Photographer Arturo Soto shares an exclusive extract from his new book – textual fragments and images offering a counter-narrative to the city of Oxford
Images come with a promise; words with a compromise. The rewards of both lie in the affinities they create, as long as we distinguish reality from reality, as my friend Matías once said while having beers on the lawn of St Catherine’s College (Catz).
Can I say something meaningful about this city if I do not read the local newspaper frequently? I am tempted to start a compendium of frivolous headlines from the Oxford Mail, similar to what Félix Fénéon did in Novels in Three Lines. I decide against it in the end, but it comes as a relief to find out that even the ‘City of Dreaming Spires’ has some thorny stuff going on.
The only ‘Mexican’ restaurant in Oxford is Mission Burrito, whose slogan is “Authentic Burritos passed on from Mexico via San Francisco to the UK.” That should serve as enough warning, but the place does surprisingly well. To add insult to injury, it is mostly staffed by Spaniards, and the music selection alternates between Colombian cumbias, Cuban son, and Puerto Rican reggaeton.
I quickly become friends with a British-Brazilian guy who is a great wingman when drunk. We seldom discuss politics, although we sometimes talk about history. He seems to be very knowledgeable about the Holocaust. He messages me the morning after the Brexit referendum to celebrate the result, which makes me realize that I do not know him well enough. We argue for hours via text messages. His arguments borrow anti-fascist expressions that he spins around against Remainers. The conversation goes nowhere, and we fall out after that. Our friendship does not survive our ideological differences. I sometimes see him at The Half Moon, but we have not spoken since.
I was once queuing at Hassan’s kebab van when a guy opened his window at Balliol College across the street to yell out his order. It was promptly taken and delivered, undercutting several customers. It seemed like he had done this before, which is in line with the deeds of remarkable alumni like Boris Johnson and Julian Lewis.
Photographers can either carry their cameras at all times or lament the pictures they missed. An example of the latter: the adverts on the phone booths at the corner of St Clement’s and Glebe Street happened to contrast beautifully with their discolored door handles, one of which is pink, the other one green. Once the adverts changed, the scene’s color scheme was no longer complementary. Another example: I sneaked into St John’s College on a foggy afternoon to walk around the quads and spotted a giant log behind a gated garden resting amidst the debris of its demise. The winter light gave the scene a gothic look. When I returned with my camera a couple of days later, the log had been removed, and I did not see the point of taking a picture of a beautiful garden.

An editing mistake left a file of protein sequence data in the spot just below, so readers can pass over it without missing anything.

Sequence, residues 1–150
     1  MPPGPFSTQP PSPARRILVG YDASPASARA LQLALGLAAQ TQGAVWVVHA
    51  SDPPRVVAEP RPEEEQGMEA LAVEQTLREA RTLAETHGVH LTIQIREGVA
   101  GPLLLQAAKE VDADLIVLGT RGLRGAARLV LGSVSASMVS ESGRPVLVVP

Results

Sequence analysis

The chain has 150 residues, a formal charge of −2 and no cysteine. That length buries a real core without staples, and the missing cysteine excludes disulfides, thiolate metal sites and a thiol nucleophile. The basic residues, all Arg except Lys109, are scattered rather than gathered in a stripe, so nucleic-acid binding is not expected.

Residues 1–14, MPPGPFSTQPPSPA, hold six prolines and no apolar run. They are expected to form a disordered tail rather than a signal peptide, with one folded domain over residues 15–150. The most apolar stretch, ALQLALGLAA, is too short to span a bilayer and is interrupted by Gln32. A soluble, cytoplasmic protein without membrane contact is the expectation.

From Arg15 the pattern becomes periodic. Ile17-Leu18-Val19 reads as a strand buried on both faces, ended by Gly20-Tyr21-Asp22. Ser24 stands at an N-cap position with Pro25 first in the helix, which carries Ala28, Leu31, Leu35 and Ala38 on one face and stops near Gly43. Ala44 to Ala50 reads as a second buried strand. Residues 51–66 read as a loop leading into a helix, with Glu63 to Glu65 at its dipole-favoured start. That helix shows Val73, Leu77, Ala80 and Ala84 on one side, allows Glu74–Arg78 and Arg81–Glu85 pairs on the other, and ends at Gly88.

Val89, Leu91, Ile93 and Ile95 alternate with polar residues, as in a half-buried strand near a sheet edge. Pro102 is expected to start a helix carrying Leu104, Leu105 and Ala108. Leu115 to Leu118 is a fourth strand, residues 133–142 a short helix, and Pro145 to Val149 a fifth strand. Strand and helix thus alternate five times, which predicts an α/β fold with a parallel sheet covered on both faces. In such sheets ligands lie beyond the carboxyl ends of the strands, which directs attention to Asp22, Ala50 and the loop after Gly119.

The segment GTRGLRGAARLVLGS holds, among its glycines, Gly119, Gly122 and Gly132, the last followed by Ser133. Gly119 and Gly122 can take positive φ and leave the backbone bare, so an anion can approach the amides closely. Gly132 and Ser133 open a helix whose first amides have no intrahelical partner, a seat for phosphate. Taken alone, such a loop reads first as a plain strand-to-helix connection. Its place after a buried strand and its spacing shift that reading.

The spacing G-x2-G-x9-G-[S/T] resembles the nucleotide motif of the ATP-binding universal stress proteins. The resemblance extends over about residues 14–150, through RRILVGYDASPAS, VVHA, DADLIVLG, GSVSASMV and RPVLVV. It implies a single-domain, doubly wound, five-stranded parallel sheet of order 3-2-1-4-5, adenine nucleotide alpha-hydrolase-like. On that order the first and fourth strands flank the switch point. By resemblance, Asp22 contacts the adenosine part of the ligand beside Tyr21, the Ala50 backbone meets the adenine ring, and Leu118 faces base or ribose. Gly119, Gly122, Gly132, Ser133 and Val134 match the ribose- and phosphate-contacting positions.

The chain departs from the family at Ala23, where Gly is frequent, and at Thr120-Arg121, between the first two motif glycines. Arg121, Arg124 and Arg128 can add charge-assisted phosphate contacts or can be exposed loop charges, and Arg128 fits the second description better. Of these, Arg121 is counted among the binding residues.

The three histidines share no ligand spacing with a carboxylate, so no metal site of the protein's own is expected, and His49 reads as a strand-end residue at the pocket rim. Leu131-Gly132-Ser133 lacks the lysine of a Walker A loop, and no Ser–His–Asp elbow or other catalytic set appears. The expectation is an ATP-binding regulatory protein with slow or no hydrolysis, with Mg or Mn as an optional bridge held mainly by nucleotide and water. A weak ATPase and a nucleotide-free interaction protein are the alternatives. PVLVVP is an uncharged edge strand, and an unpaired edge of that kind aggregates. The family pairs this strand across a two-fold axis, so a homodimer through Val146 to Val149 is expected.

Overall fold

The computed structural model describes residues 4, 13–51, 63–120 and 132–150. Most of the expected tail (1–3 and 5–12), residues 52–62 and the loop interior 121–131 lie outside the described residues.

The University’s guidelines stipulate that students have to live within twenty-five miles from Carfax Tower. The rule is rarely enforced with doctoral students, many of whom rather keep their cosmopolitan London lives. Some even commute from Amsterdam, Berlin, or Zurich just for the graduate seminars. They are usually unimpressed by the quality of coffee here and return to their havens as soon as possible.
For many, the experience of controlled rurality is an essential part of their life in Oxford. Some locals even find places like Port Meadow more exciting than the historical city center. I believe what makes this place so unique are its buildings, not the trees and the cows nearby, although I hear that some of the birds that migrate near here are genuinely fascinating.
There are very few places to sit – benches, steps, planters, ledges – in the city center. In the film The Social Life of Small Urban Spaces, William H. Whyte describes how squares, plazas, and parks that offer such amenities promote human interaction, contributing to a civil environment. This leads me to think that the unavailability of these fixtures in Oxford is a purposeful method of alienating people and reinforcing a hierarchical relation between town and gown by the colleges. Some of these benches, like the ones outside of Trinity College, seem perpetually occupied. Others, like the ones at Friars Entry, have been removed to install bike racks, although I suspect the real reason the council replaced them was the homeless people that congregated around them.
I like to eat on the steps of the Martyrs’ Memorial at sunset, but only if tourists have not left it too dirty. The view is fantastic, with the Ashmolean Museum to the left and the forking paths ahead. The way Banbury Road curves past the trees by St John’s College makes it seem that the splendor of the city center extends for miles.
A Certain Logic of Expectations by Arturo Soto is published by the Eriskay Connection, September 2021